The design that I am envisioning will be “Honoring Women”.  All too often, I feel, we forget to honor the women veterans, grandmothers, mothers, and caregivers that are so important to our society.  This buffalo will be painted (in oils) depicting women in different roles.  On one side, the main body will be painted with a woman veteran riding a horse across the sky.  The other side will have a grandmother surrounded by children.  The legs and hind quarters of the buffalo will display symbols such as a pink ribbon for breast cancer.  Since the White Buffalo Calf Woman is one of my cultures most important woman the background will be painted white.


Table Top Buffalo


Eve and Gary Wallinga

3123 Alder Lane

St. Cloud, MN  56301                                


Just as the Aboriginal people of Australia saw no distinction between the spiritual and the physical, Native Americans considered the buffalo, which was so central to their way of life, as having spiritual significance.  We would like to extend the Aboriginal way of illustrating this connection between the earthly and the spiritual to this important Native American symbol.  Our painting tools are sticks, just as used by the Aboriginal people, with which we apply dots of acrylic paint. We work simultaneously, usually sitting on the floor with the painting between us.  We move between abstract and representational art, while always trying to maintain the mystical quality of Aboriginal art. Almost all of our paintings have been inspired by nature.  Nature is full of patterns and the use of dots in our painting lends itself to the creation and replication of patterns.  A beautiful example of natural pattern is the Lake Superior agate.  Our vision for this buffalo project would be to create an “agate-like” pattern or effect of different earth tones, over much of the buffalo.  On the back of the buffalo will likely be tones of black and blue, representing the heavens, and towards the bottom of the buffalo will be more red tones representing earth and the human body.  The buffalo head will be covered in patterns of larger dots in red and black representing the prayers of man.  Imbedded within the “agating” will be various circles, symbolic of the power of the world which makes itself known to us in circles of various forms (the earth, the moon, the sun, the life process, etc.).  A red “road” (the road of good or the straight and narrow) will traverse the length of the buffalo on which will be symbols representing the four ages of man (rock, fire, pipe and bow).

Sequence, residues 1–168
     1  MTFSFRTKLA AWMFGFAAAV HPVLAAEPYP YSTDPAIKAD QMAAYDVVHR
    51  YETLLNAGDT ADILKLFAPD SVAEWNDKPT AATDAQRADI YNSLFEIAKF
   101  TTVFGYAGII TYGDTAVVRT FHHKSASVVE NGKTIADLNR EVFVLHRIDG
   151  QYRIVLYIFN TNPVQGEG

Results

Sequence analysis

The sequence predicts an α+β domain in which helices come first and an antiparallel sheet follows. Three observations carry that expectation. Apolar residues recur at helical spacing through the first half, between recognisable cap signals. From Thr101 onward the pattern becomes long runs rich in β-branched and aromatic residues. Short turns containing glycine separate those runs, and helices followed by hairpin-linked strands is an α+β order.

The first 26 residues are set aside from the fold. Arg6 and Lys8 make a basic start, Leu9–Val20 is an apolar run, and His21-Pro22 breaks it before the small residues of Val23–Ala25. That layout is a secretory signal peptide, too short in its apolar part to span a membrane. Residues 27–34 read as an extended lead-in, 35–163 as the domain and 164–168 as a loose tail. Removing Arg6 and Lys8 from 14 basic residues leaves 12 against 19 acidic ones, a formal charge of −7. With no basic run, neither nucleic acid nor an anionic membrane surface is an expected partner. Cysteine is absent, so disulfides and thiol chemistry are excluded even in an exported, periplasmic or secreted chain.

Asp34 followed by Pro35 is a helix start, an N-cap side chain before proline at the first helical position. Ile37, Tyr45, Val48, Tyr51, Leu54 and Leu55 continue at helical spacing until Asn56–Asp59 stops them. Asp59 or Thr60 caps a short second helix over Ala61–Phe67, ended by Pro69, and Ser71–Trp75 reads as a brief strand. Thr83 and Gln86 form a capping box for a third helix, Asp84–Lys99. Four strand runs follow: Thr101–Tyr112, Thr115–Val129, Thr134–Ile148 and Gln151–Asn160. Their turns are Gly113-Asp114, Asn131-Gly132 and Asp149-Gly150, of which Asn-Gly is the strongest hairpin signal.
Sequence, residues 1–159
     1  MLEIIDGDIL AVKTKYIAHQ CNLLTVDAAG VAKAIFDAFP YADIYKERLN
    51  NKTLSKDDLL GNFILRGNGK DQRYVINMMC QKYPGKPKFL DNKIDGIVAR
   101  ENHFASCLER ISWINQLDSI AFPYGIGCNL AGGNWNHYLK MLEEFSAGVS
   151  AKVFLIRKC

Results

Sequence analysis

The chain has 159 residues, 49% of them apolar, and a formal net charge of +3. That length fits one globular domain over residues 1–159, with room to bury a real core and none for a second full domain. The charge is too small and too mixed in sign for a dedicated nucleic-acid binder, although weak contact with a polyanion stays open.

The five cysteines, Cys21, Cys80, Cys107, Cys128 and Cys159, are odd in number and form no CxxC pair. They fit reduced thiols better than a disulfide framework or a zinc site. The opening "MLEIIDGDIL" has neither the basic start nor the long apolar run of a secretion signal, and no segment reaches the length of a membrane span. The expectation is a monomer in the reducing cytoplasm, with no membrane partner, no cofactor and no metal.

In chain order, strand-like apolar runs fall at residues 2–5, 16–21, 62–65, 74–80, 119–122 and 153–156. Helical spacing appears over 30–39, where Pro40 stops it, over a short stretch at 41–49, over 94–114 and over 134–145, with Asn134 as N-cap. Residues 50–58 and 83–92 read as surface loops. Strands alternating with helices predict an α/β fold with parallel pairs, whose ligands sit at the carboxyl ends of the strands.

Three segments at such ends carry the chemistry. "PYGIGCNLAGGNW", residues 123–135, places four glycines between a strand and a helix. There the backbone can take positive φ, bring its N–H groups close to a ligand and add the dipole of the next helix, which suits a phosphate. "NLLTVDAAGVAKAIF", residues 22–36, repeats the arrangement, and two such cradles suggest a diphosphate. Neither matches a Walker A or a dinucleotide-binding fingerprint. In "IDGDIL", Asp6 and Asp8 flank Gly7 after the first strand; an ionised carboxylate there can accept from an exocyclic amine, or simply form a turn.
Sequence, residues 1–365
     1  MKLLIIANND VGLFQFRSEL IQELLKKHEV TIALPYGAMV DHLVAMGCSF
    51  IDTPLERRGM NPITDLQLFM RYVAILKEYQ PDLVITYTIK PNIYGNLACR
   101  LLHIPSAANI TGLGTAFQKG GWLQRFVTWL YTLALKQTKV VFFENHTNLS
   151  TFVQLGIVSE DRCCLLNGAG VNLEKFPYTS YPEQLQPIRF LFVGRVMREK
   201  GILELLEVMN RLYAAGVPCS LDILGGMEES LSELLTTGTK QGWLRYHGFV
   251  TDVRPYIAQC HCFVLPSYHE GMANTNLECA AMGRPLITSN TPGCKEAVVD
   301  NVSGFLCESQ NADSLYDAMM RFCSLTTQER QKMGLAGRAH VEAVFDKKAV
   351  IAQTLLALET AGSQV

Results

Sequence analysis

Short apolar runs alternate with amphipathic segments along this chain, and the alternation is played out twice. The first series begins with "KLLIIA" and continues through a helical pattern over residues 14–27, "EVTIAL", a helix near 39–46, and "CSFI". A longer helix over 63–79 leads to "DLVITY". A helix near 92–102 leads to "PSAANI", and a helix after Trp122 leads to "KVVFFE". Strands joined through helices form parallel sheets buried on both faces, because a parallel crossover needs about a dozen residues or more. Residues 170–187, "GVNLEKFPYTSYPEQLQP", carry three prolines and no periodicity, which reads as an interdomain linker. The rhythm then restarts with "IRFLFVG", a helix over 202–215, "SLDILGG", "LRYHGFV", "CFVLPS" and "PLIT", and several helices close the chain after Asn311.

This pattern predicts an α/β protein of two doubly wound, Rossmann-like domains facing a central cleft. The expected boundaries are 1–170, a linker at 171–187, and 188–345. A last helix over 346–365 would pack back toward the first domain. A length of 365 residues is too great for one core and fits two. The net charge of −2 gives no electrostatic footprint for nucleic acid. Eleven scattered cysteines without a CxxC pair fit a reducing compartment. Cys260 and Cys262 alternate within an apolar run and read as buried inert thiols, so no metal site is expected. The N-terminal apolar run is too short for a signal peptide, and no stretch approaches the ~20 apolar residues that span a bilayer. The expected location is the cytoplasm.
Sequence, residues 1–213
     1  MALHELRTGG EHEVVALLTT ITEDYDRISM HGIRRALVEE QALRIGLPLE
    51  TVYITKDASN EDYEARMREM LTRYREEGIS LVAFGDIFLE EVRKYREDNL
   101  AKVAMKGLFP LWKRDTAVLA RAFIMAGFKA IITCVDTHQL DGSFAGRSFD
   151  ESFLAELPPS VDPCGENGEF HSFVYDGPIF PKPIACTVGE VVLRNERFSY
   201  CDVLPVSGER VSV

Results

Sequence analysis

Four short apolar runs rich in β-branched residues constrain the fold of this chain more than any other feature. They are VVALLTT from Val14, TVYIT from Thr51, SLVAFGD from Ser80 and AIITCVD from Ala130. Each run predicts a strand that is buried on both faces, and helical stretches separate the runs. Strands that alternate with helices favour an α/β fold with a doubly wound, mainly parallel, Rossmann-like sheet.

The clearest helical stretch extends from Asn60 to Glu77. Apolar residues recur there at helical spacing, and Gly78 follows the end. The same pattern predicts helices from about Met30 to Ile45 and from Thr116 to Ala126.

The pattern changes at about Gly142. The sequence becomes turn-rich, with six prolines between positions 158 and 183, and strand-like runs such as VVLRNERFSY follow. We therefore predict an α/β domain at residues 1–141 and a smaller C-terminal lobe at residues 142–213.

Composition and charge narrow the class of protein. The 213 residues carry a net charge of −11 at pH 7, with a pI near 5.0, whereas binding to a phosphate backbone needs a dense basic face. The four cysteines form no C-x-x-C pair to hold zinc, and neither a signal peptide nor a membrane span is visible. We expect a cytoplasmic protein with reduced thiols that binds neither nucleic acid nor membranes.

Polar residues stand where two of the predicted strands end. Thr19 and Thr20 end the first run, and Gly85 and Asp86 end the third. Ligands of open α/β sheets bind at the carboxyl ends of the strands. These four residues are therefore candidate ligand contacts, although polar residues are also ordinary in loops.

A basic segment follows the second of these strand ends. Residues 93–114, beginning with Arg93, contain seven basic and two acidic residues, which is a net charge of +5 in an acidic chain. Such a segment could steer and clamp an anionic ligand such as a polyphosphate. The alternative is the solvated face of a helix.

"Bringing the Arts and Custer Together, Creating Growth for All"

The Custer Stampede is a joint venture of The Custer Area Chamber of Commerce and The Custer Area Arts Council
Located at 615 Washington Street in Custer, South Dakota 57730
The oldest city in the Black Hills!